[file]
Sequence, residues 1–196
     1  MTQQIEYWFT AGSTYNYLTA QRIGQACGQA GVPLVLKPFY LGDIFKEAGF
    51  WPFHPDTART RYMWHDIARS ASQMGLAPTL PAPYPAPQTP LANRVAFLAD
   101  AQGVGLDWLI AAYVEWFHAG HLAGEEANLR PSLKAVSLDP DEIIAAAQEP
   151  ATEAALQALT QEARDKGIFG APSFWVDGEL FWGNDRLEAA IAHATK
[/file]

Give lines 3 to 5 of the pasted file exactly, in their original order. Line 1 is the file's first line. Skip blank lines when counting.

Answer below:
    51  WPFHPDTART RYMWHDIARS ASQMGLAPTL PAPYPAPQTP LANRVAFLAD
   101  AQGVGLDWLI AAYVEWFHAG HLAGEEANLR PSLKAVSLDP DEIIAAAQEP
   151  ATEAALQALT QEARDKGIFG APSFWVDGEL FWGNDRLEAA IAHATK